‘Betting’ on Macau
Tourism in Macau presents a recovery narrative, with visitor numbers nearing pre-pandemic levels, highlighted by the influx during the recent Lunar New Year holiday.  Last month’s Lunar New Year holiday saw a daily average that was just shy of 170,000 visitors – very close to that seen during the same period in 2019, the last full year before coronavirus decimated the tourism industry. Macau’s daily visitor arrivals averaged 92,300 in January, an 84% recovery when compared with January 2019. Macau is an example of a philosophical resetting of the economy’s dynamics. Gone are the days when the focus was entirely on high rollers (who have since been severely affected by the government’s crackdown on the wealthy). Today the city welcomes the gambling masses, which offers almost four times the margin on gross gambling revenue.

Chart 1: China’s Economic Surprise Index Stable

Source: Bloomberg

We are growing increasingly more confident about our neutral view of the Chinese equity market. In a global context a neutral view is positive given the ongoing debate about whether the Chinese equity market is investable. Our optimism is underpinned by two key observations: firstly, the Chinese authorities have already acted to prevent significant market declines, signalling their reluctance to allow further sharp drops. Secondly, there have been signs of incremental improvements in the economy, reinforcing our long-held belief that a stabilisation in economic data would be a precursor to a market rebound.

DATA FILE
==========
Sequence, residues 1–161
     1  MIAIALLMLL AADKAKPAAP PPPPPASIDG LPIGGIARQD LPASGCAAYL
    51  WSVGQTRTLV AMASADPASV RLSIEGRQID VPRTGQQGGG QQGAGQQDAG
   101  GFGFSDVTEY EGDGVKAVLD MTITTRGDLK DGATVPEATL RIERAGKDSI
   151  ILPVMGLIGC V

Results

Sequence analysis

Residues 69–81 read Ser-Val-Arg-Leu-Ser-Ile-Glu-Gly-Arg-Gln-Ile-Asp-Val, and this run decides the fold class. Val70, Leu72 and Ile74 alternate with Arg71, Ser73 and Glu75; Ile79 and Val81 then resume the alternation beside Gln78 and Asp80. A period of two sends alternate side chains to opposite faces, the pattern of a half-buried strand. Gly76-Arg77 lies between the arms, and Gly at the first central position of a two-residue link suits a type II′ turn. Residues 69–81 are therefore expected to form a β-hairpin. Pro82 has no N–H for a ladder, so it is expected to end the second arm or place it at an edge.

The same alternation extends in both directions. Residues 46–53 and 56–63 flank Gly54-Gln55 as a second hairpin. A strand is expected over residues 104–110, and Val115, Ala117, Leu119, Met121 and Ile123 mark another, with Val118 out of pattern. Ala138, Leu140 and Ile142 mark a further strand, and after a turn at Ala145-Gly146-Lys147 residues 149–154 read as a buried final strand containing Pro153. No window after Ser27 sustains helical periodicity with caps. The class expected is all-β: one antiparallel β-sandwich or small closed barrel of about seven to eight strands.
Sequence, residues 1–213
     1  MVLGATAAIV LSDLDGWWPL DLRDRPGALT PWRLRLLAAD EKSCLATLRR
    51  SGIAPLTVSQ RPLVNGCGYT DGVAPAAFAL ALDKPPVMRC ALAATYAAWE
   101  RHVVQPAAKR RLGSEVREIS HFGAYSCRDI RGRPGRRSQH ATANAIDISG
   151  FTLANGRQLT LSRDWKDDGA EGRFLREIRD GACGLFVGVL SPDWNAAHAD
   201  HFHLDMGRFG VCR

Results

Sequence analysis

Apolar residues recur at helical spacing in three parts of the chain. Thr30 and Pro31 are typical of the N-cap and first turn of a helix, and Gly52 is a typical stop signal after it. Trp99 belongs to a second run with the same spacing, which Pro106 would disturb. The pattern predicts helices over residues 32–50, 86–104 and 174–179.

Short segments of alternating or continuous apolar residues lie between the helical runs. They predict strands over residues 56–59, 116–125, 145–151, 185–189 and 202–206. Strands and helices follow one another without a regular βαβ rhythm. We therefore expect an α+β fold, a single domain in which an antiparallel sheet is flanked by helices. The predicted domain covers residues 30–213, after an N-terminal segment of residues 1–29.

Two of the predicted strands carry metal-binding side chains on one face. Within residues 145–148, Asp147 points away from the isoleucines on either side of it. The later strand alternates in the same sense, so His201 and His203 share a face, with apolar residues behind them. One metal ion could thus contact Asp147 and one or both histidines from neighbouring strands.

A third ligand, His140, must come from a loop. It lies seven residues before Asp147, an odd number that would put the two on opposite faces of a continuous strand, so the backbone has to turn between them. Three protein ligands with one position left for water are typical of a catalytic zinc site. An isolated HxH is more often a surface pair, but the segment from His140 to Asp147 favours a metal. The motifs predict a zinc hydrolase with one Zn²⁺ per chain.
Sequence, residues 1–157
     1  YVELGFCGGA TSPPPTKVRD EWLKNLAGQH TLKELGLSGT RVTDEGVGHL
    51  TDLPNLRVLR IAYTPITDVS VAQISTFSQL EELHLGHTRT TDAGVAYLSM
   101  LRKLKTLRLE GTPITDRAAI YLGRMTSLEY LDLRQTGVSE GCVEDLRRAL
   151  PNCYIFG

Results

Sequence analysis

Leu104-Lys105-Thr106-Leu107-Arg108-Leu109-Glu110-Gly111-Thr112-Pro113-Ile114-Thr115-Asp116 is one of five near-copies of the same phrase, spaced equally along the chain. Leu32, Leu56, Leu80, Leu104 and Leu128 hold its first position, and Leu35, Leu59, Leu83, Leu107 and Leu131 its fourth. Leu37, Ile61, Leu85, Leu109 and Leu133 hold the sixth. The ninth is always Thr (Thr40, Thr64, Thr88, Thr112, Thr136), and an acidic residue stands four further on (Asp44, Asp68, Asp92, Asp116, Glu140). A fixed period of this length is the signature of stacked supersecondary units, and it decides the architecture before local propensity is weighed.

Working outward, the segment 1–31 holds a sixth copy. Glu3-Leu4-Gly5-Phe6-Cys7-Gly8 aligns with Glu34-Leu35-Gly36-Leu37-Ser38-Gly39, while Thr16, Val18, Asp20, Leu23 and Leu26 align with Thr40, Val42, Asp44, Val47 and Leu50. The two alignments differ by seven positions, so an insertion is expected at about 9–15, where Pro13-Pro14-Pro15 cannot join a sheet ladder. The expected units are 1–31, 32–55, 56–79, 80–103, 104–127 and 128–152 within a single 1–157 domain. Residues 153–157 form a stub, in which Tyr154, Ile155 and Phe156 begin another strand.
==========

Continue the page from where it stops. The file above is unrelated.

Since mid-January, we’ve seen the equity market recover, although it did experience a slight dip in confidence as the quarter ended. The recovery was initially fuelled by governmental interventions at regular intervals that aimed at stabilising the market. We believe the authorities will continue their efforts to support the market, despite ongoing challenges, including the market still trading 10% below its late-2023 level. This underperformance has largely been because of declining corporate earnings forecasts throughout 2023. Nonetheless, there is an expectation of a 15% market recovery in 2024, although this projection is met with some scepticism.

Chart 2: Chinese Corporate Earnings Forecats Could Aid a Recovery in Equities 

EPS rebased to April ’23=100, EPS jumps to reflect a data point for the subsequent year

Source: Bloomberg

Bonds – US Treasuries Seeing  Support after the Quarter’s Rise in Yields

In the US, the pain trade for asset allocators has been in the bond market. The US 10-year government bond yield has risen 32bps since the start of the year, presenting a headwind to bond returns. Last week’s economic data flow and comments from Fed governors was the same mix of marginally stronger-than-expected inflation data (PCE a tenth above expectations) and the net marginal hawkish tone from Fed governors. The better news for bonds was that there was still good demand at the US government bond auctions in the past week despite the ongoing extraordinary amount of new issuance. After the marked underperformance of bonds versus equities in the past quarter, investors may have belatedly seen some relative value in fixed income!

Chart 3: Rise in US 10-year Government Bond Yield a headwind to Bond Returns

Gross redemption Yield (%)

Source: Bloomberg

Table 2: Bond market returns for Q1